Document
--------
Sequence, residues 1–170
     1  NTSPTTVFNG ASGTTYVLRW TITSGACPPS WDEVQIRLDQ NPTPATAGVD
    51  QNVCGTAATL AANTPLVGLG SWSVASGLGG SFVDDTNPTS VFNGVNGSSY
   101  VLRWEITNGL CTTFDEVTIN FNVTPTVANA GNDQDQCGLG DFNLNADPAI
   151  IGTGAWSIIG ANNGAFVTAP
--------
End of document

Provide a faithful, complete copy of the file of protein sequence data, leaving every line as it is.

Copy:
Sequence, residues 1–170
     1  NTSPTTVFNG ASGTTYVLRW TITSGACPPS WDEVQIRLDQ NPTPATAGVD
    51  QNVCGTAATL AANTPLVGLG SWSVASGLGG SFVDDTNPTS VFNGVNGSSY
   101  VLRWEITNGL CTTFDEVTIN FNVTPTVANA GNDQDQCGLG DFNLNADPAI
   151  IGTGAWSIIG ANNGAFVTAP